Midnight Paloma founder Tayler Rogers. All images courtesy of Midnight Paloma.

After More Than a Decade at Vancouver’s Original Indie Beauty Shop, Tayler Rogers Launched Her Own Brand

View Entire Article

From shopping and socializing to work and the economy, 2020 was the year that upended everything. But change is something Tayler Rogers has been through before: as the former co-owner of Yaletown’s beauty emporium BeautyMark, Rogers knows that timing in retail is everything. Her local clean beauty brand Midnight Paloma is what happens when change and good timing converge.

“It feels like such a lifetime ago!” Rogers isn’t referring to when we used to eat at restaurants with our friends, but when she first started working at BeautyMark. It was 2005, and, as a fresh grad from Blanche Macdonald, she went to work as a makeup artist for Marc Brunet, then-owner of a tiny beauty destination known for its specialty beauty products.

“Retail was so different then,” Rogers reflects. “BeautyMark was the first indie beauty store in the city—there was no Nordstrom, no Sephora, or anywhere where you could get hard-to-find, niche beauty brands.” BeautyMark introduced cutting-edge new brands to the city and the rest of Canada like a gourmet food outpost in a sea of chain grocery stores.

The beauty mecca eventually grew to a two-storey space on Pacific Boulevard, with Rogers continuing to absorb knowledge every step of the way. “Marc really taught me so much when it came to brand recognition and what cool, niche things to look for,” she says. Eventually she and fellow sales associate Kendra Lovick purchased the shop from Brunet then expanded the concept into a collaborative space. From Varnish Nails to Alisha Noon eyebrows, the duo assembled a sort of Avengers lineup of gurus for a one-stop shop aimed at the beauty-obsessed.

When Sephora and Nordstrom arrived, coupled with the challenges of maintaining a large bricks-and-mortar operation in an expensive city, reality set in. “Retail changed in such a short period of time,” Rogers says. “But it’s funny because it was also strangely good timing.”

Lovick was pregnant at the time and ready for her next chapter, while Rogers had been nurturing her fledgling indie beauty brand, Midnight Paloma, that she’d launched a year prior. “It was a little passion project of mine, all because we had started to carry these great local brands in-store,” she says. “I really loved the whole clean ingredient movement that was getting popular.” Rogers and Lovick agreed it was time to shutter the store.

Varnish Nails kept the lease, and Rogers turned her attention full-time to her skincare line. Initially, she’d created Midnight Paloma’s five-product line to sell exclusively at BeautyMark, but she now knew she could grow it. She also wanted to create something that was singularly hers where she could also keep crafting the branding, the scents, and profiles. “Things have a way of working out,” she says.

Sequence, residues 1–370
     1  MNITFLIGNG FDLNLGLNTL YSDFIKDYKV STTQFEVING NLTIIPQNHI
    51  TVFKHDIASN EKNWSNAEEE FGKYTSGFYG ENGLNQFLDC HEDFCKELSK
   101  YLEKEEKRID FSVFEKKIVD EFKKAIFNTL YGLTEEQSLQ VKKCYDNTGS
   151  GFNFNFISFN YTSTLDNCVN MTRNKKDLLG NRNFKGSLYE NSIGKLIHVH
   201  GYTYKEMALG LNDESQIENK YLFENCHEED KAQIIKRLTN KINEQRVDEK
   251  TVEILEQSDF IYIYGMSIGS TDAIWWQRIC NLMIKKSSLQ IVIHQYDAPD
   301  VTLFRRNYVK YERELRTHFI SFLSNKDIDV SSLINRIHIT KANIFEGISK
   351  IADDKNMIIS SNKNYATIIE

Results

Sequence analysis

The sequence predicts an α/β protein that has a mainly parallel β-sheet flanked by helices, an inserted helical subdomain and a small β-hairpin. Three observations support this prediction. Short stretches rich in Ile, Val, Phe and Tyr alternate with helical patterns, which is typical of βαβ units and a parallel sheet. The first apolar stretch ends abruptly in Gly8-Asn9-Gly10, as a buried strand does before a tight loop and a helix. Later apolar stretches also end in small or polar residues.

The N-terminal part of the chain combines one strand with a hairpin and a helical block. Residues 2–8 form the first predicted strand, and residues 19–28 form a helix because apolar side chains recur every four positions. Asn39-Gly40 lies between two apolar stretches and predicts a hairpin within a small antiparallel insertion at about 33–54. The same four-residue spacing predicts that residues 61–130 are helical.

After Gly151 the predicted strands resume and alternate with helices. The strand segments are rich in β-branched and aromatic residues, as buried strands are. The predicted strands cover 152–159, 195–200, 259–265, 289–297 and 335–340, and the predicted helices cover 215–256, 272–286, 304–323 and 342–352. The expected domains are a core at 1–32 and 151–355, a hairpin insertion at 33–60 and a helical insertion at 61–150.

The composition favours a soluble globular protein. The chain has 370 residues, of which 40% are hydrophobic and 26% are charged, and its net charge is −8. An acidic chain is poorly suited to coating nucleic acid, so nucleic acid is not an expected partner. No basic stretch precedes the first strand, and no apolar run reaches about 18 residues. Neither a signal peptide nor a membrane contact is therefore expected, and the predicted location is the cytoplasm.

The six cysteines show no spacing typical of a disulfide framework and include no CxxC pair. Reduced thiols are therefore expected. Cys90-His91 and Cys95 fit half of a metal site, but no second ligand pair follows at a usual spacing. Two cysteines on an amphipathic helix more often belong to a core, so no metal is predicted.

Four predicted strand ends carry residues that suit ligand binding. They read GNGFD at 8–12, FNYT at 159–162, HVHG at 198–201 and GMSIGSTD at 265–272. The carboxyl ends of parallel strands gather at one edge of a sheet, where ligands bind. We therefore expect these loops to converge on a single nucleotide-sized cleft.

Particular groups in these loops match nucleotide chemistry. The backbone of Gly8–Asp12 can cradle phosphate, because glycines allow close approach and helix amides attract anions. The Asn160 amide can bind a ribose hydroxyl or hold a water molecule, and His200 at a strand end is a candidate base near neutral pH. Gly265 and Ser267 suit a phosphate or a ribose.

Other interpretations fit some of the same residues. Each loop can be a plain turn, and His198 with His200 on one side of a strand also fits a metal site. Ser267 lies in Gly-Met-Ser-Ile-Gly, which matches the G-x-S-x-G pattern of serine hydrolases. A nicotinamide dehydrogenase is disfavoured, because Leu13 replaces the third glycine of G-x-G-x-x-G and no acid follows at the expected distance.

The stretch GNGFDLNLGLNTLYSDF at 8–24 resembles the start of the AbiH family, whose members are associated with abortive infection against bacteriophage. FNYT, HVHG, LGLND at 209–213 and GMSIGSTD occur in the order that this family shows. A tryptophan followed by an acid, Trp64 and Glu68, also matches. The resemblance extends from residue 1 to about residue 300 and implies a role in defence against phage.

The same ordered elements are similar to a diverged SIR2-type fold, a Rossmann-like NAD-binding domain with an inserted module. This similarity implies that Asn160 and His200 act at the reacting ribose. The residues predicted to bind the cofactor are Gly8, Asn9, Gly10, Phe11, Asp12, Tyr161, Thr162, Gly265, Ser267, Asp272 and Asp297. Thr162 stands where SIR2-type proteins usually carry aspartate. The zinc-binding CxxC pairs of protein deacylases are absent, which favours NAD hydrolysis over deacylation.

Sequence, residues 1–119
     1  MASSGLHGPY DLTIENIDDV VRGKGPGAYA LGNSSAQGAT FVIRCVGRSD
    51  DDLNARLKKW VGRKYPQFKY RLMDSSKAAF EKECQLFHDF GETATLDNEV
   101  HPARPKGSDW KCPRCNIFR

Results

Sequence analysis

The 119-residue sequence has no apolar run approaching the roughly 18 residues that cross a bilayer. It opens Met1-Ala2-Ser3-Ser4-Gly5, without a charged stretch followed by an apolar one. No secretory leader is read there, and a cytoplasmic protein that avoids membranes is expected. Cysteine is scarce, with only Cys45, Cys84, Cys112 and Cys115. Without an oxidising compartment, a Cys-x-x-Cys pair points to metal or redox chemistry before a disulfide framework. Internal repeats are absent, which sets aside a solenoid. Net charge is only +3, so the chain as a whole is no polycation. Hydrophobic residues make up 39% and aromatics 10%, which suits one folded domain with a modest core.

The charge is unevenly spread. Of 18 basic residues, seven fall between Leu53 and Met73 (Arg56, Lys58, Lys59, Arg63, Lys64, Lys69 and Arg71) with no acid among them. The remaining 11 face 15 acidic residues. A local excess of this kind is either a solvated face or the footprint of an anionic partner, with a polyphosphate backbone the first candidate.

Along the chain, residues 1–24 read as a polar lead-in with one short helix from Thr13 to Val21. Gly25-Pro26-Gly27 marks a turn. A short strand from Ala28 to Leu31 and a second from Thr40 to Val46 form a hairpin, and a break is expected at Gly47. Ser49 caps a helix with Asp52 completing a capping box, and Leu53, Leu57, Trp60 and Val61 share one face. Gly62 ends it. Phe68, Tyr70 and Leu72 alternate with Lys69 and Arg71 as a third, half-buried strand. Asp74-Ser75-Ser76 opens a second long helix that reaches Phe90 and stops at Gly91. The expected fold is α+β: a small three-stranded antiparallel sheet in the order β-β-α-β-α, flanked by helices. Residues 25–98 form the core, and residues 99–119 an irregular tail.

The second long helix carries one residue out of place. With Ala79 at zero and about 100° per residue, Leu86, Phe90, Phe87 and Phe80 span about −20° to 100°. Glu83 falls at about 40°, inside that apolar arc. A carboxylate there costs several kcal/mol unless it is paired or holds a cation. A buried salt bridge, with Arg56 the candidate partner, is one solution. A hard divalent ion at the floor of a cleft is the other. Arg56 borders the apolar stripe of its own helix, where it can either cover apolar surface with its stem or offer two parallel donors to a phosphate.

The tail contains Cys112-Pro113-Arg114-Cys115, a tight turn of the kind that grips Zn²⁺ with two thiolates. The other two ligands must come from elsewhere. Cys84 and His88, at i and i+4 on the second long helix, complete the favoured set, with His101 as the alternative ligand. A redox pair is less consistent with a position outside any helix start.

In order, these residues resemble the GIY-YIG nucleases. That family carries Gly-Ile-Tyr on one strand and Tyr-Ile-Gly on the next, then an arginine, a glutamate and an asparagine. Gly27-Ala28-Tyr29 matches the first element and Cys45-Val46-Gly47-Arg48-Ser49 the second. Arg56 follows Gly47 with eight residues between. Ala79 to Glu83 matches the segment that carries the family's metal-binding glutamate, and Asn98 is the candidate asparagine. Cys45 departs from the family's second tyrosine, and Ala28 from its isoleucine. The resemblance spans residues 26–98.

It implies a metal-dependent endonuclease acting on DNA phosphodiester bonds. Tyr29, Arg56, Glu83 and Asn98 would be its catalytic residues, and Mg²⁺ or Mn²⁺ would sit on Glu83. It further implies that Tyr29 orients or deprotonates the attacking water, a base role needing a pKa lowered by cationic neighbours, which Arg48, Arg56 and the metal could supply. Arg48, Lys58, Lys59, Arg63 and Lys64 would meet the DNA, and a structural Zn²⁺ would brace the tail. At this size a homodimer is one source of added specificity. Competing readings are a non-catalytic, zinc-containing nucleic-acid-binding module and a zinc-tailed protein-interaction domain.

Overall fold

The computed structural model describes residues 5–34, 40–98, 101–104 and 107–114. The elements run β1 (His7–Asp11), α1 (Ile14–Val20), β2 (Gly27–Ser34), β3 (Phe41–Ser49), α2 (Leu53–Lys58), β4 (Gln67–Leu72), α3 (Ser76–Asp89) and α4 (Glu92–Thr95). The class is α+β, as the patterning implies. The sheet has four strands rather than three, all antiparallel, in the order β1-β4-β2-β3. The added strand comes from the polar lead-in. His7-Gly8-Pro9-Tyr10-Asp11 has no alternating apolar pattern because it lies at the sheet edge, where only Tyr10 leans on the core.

She set to work. “I decided I’d try for a year to see what would happen so I was at every market, every pop-up, every collaboration,” she says. She leaned into the learning curve of moving from retailer to wholesaler, though approaching it  through a shopkeeper’s lens helped ease the shift. “Being a product provider for these stores was an interesting transition, but I have so much respect for these small businesses having been one—it was kind of cool being on the other end.”

Midnight Paloma’s initial line featured charcoal (“Midnight”), while the scent blend hewed citrusy and fresh (a Paloma is a grapefruity cocktail). Since then, Rogers has branched out to 24 products that include not only skin care and tools but also bath and body products now sold in over 200 stores.

From the Latest Scoop local pop-ups to Urban Outfitters and Anthropologie, Midnight Paloma keeps growing its base from a beloved Vancouver label to a global phenom. In a curious twist, the brand was featured across North America this year in Nordstrom’s Holiday pop-up shop—the chain that helped prompt the sale of BeautyMark is now a collaborative partner in Midnight Paloma’s newfound success.

Meanwhile, the silver lining to this pandemic has been a collective emphasis on self-care. “We were really nervous at first; it was scary and no one knew what was going on,” Rogers says of the onset of COVID-19. “But it was an amazing year for us, because we’ve grown so much because people are finally taking time for themselves—people now really value being healthy.”

In September, Rogers launched a cleansing balm, moisturizer, and vitamin C serum, along with a reusable face tool and cotton pads. The little black cotton pads can be thrown into the washing machine, and with the purchase of each box, six plastic bottles are removed from the ocean thanks to a partnership with the non-profit ReSea.

This February, the brand unveils its Multi-Mist face mist featuring an essential oil blend that doubles not only as skin care but also as a room spray and pillow spray, all in a glass bottle.

Rogers is passionate about recycling and addressing the beauty industry’s excess packaging. “We try to make everything recyclable or in glass so it can be repurposed.” This spring, Midnight Paloma will introduce a body tool aimed at replacing the traditional loofah, which is supposed to be thrown out every 30 days. Midnight Paloma’s new tool promises to last a year and a half.

“For us, there are a lot of lines with skin tools, but we always try to have products that work with these tools so you have a routine to look forward to—a small moment we get just for ourselves,” Rogers says.

As she well knows, seismic shifts and small moments of self-care can both have the power to create change.


Read more from Beauty. 

Categories:

Post Date:

January 7, 2021